The “Attenborough effect” is hitting all the headlines currently and you cannot go on social media much these days without seeing someone highlighting a supermarket’s use of unnecessary plastic. The food manufacturing sector is getting a bit of a bad rep at the moment but really they are just taking the flack for a whole sector that could do better.

Similarly to the manufacturing and food producers, the pressure from consumers to have the perfect product, as well as scrutiny from local health authorities, has led to the Hospitality and Food Sector to be responsible for 2.87 million tonnes of waste each year. Of this waste, 1.6 millions tonnes is packaging, of which 46% is recycled*. A lot of this can be down to local councils and systems outside the control of outlets, but with only 12% of food waste being recycled there certainly seems to be a problem, especially when you consider that 45% of food waste is from preparation.

A bit of background…

Having worked in the hospitality sector since the early 00’s everything we were taught was about “the customer experience”, which is fair. So when it came down to food, working for an international hotel chain in the restaurant, it was all about ensuring the customer at 6am and the customer at 11am had the exact same offering. The waste was UNREAL. Just think that this was going on throughout every hotel of this brand (and probably others) all over the world, EVERY DAY.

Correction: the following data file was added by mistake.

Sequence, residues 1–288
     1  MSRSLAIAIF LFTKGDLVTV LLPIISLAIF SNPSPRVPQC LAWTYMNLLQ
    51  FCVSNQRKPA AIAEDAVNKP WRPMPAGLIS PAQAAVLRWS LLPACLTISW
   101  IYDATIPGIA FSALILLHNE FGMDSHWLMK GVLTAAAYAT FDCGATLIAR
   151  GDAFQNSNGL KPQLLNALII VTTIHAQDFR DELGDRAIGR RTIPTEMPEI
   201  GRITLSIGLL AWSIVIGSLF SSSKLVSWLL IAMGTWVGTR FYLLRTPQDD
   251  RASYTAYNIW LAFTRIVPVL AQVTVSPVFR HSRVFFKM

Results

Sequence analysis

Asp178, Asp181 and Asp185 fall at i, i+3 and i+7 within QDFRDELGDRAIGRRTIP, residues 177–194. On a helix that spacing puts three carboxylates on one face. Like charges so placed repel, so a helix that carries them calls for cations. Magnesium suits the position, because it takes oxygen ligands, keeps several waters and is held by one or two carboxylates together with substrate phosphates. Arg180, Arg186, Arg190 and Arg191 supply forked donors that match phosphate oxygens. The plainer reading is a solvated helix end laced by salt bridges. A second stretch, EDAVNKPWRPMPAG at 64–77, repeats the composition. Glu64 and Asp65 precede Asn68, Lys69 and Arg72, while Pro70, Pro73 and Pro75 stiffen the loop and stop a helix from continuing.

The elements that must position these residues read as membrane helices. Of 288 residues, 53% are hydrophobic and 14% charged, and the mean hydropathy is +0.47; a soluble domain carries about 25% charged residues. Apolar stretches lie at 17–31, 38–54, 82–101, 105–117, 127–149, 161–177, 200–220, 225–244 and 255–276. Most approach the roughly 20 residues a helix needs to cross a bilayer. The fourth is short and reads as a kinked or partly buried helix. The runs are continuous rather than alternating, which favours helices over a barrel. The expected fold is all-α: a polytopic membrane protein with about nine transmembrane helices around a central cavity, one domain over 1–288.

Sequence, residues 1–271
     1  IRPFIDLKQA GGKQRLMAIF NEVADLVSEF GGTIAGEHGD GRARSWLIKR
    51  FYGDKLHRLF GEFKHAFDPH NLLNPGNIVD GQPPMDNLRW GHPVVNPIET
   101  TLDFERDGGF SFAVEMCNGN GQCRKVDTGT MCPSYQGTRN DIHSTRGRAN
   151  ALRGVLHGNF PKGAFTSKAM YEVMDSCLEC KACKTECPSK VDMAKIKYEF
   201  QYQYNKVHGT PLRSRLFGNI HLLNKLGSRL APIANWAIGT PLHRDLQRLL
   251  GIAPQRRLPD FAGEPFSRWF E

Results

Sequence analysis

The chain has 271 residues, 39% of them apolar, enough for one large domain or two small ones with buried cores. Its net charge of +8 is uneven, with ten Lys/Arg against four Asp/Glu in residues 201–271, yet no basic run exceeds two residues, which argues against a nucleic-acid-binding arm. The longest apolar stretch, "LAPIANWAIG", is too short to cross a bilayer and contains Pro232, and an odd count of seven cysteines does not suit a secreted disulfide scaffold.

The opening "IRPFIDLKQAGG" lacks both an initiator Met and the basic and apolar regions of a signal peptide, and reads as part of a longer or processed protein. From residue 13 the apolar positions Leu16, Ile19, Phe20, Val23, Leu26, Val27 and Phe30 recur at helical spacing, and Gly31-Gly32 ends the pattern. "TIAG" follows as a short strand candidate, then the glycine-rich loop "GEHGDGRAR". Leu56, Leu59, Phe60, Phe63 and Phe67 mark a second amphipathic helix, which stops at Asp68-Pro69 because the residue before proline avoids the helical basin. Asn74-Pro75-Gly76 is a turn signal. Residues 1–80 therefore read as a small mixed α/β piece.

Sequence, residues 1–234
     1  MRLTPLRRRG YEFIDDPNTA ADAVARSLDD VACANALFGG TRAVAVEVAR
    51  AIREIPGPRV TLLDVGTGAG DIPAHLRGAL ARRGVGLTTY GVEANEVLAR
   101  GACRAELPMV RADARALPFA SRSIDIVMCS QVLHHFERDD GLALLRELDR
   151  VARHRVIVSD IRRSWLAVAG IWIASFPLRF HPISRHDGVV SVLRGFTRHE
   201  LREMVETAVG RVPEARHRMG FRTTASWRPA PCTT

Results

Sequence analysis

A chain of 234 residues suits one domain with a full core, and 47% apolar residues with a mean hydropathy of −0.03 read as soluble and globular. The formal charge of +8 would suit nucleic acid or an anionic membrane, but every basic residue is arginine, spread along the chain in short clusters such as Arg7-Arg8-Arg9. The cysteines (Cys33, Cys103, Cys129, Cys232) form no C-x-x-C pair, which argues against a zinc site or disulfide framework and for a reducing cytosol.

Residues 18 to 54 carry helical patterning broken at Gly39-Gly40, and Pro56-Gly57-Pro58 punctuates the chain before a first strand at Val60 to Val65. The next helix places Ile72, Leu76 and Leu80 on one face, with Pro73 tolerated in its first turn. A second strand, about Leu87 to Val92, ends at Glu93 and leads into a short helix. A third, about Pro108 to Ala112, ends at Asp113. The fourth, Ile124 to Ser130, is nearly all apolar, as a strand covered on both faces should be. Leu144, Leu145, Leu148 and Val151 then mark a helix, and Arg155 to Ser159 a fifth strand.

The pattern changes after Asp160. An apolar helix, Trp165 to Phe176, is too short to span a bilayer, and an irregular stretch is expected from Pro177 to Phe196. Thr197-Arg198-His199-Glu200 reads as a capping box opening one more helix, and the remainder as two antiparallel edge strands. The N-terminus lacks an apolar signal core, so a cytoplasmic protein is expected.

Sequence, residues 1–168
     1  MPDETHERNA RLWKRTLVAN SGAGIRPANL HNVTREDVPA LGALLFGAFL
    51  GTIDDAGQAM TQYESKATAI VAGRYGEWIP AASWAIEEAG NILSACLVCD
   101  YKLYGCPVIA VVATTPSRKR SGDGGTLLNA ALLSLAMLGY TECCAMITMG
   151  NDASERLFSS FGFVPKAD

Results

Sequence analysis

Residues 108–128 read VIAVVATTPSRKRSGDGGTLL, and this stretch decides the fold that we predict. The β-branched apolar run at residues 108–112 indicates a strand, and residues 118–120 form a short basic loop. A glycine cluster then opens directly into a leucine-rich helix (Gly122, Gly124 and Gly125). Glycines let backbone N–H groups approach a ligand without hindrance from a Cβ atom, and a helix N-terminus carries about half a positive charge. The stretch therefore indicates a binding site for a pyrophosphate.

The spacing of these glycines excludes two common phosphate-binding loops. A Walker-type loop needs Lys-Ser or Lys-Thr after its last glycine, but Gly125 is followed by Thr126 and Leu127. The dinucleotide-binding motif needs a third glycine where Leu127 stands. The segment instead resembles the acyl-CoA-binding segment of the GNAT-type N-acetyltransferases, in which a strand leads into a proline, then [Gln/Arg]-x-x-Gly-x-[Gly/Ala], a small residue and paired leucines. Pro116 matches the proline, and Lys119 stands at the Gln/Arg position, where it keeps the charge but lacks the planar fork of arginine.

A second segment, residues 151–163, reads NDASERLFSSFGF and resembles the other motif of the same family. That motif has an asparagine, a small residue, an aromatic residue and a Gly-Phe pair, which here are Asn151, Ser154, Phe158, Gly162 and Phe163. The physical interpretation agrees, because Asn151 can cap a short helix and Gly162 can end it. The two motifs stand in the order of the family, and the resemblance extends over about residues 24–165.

Since then, moving away from hotels and into restaurants, there is a lot less food waste, but still the same focus on customer experience, which creates a different kind of waste. Chain restaurants, with their obsession for brand standards and economies of scale, lead to products being pre-prepared and provided as part of a single, massive contract with a national producer, before being distributed up and down the country rather than working with local, less travelled products.

All of this is on top of strict quality control measures enforced by local environmental health officers, who despite having stringent guidelines for us all to follow in order to serve safe food, take no responsibility in ensuring food waste is controlled. A time for a change on this perhaps? Wouldn’t it be great to see a similar star system to acknowledge responsible food production, as well as being safe for consumption?

What we are doing…

At Inspires Dining we are passionate about reducing our impact on the planet and operating responsibly.

With this in mind we have worked with Richard Lewis from WasteLESS Consulting to review our processes and take a close look at what we are doing well and where we can do better.

The highlights from the review where we are already making positive steps were:

  • Buying locally from independent suppliers, enabling us to purchase packet free
  • Creating food menus that produce little waste or waste that can be used in another way
  • Where food waste is unavoidable, we compost as much as we can
  • Using environmentally friendly cleaning chemicals
  • Utilising re-usable cloths and linen including napkins made from scrap material

See the full review on our sustainability page 

* data from WRAP (Waste Resource Action Programme)